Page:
Businesses should prepare for the possibility of closure later this week if a red weather warning is issued in the coming days.

If it happens, it will be the first red weather warning since Hurricane Ophelia in October last year.

ISME, the independent representative of small and medium enterprises, is advising employers to take time to put measures in place to reduce the potential impact on business.

Chief Executive of ISME, Neil McDonnell, also sounded a note of caution to the government about shutting the country down unless it is absolutely necessary

"We are not in favour of, unless they are absolutely necessary, these catch all announcements from government that everything must stop. Those type of warnings should not be issued unless it's absolutely necessary to do so," Neil McDonnell said.

He said it is very possible that business closures will not be necessary on this occasion, but businesses should prepare for the possibility.

Ibec issued a statement this evening saying it had noted the severe weather warnings. "We encourage all businesses to assess the situation carefully and to develop appropriate contingency plans that put employee safety first and mitigate potential disruption."

ISME said as employers have a duty of care for all employees under the Safety Health and Welfare at Work Act, a key consideration needs to be whether, in the circumstances, it is safe to ask employees to travel to work, or to undertake their work.

The potential risk could be greater for certain roles or in certain sectors such as "on-the-road" sales positions or in the construction sector where outside work is required.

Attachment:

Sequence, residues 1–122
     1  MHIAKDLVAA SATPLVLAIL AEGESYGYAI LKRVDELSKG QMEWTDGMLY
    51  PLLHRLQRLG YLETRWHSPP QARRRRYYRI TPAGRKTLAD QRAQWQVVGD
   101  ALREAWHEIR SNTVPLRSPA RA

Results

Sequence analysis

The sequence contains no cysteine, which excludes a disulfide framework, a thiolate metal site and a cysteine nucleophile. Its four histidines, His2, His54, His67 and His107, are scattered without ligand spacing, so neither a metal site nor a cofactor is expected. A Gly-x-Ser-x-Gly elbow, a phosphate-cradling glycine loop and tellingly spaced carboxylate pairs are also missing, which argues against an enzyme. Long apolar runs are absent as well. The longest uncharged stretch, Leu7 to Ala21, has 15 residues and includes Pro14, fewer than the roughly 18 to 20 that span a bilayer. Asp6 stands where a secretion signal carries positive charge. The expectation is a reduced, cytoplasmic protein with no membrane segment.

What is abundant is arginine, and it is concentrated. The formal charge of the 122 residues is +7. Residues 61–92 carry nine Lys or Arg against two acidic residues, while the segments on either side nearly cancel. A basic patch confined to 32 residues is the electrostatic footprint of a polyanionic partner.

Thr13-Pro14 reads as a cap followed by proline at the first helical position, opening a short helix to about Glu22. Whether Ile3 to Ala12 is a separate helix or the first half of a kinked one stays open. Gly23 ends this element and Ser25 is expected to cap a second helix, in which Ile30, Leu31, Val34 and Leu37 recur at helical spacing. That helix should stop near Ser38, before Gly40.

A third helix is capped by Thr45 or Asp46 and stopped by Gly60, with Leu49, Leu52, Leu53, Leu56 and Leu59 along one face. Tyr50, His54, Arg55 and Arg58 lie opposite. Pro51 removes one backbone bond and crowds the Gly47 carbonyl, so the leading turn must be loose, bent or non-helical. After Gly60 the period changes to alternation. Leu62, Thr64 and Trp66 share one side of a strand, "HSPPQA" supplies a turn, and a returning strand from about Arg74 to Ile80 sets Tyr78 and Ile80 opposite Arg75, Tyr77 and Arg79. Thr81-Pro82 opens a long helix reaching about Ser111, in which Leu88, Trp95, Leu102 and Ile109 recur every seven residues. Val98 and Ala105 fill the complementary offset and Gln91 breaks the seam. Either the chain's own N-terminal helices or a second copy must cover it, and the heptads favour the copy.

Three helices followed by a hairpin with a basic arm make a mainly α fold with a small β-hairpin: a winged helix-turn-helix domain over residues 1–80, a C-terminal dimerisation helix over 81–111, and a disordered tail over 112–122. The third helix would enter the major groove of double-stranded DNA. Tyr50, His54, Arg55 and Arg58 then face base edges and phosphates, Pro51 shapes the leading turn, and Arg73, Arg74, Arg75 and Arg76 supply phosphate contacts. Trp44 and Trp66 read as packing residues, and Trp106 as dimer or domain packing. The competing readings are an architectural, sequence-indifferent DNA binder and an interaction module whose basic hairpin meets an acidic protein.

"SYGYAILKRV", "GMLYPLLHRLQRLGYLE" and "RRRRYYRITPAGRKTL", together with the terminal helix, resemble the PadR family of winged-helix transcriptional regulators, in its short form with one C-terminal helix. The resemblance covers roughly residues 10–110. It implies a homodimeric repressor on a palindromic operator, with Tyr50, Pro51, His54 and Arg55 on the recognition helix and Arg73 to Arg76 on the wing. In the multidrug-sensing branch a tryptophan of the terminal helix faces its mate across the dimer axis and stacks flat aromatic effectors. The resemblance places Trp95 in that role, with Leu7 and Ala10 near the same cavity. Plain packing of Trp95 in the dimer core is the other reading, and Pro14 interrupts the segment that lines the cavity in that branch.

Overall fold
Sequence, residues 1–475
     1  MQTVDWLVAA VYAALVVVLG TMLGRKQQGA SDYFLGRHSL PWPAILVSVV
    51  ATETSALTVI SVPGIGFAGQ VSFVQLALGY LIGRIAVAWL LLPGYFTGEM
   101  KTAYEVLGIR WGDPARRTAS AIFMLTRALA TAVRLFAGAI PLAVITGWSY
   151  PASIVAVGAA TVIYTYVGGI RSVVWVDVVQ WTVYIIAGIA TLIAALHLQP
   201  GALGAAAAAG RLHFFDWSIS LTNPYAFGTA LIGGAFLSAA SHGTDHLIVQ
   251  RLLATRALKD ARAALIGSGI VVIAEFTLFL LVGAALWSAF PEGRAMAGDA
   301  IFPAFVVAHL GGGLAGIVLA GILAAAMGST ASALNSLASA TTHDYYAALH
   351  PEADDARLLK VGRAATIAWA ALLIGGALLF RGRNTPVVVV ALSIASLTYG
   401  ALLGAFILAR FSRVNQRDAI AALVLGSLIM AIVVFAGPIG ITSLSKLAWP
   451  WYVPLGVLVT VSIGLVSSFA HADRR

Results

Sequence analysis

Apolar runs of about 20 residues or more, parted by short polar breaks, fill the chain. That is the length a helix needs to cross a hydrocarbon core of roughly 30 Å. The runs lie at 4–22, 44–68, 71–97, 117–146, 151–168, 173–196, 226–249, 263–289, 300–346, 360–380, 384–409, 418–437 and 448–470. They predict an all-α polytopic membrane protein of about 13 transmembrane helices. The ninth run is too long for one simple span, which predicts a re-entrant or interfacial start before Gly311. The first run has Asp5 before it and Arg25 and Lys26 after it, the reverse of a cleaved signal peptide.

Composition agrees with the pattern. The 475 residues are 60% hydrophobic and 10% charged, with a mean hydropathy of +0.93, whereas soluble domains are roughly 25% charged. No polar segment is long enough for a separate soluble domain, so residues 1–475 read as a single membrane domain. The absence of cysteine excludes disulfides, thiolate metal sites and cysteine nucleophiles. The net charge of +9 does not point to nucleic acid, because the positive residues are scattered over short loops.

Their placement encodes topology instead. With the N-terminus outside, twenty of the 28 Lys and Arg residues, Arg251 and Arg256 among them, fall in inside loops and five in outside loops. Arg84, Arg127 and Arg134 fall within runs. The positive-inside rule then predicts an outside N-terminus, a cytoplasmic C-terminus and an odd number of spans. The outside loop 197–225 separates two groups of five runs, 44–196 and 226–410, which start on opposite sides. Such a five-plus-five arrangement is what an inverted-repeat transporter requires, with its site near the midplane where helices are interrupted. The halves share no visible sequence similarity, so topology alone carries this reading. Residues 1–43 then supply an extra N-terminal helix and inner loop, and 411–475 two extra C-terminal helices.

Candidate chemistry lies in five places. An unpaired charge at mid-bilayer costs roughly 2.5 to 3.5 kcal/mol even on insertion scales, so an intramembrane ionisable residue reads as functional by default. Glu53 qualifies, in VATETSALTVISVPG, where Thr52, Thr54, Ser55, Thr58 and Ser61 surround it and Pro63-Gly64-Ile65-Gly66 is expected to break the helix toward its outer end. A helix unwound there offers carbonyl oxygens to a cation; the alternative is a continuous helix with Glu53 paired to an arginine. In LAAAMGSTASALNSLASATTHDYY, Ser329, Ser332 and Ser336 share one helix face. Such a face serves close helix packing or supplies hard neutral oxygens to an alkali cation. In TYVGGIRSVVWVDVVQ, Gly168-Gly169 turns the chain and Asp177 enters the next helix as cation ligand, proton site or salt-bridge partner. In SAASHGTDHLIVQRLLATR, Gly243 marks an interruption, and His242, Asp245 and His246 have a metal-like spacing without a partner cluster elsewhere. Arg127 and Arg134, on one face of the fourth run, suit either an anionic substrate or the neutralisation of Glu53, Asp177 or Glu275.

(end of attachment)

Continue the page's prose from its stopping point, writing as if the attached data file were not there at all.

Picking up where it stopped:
Mr McDonnell said employers should ensure they have up to date contact information for all employees within the organisation in case a last minute decision needs to be communicated to staff members.

"Where your employment contracts allow for a period of "lay off," you may want to put employees on notice that this clause could be invoked at short notice later on in the week," he said.

He also advised businesses to consider whether any steps can be put in place to reduce the impact on customers. "For example, is remote working a possibility for your employees? Would this help to diminish the impact on your customers/clients? Is there a contact number that could be provided in the event of an urgent issue arising?"

ISME also advise that where a business closure does not occur, employees should be made aware who they should contact in the event that they are unable to attend work due to the weather conditions. 

"Flexibility should be allowed for employees, especially those who have some distance to travel. Where employees are present in the workplace, care should be taken to remain vigilant for any worsening conditions and cancelled/amended travel services throughout the day. Consideration should also be given to how long it will take somebody to commute home safely," Mr McDonnell said.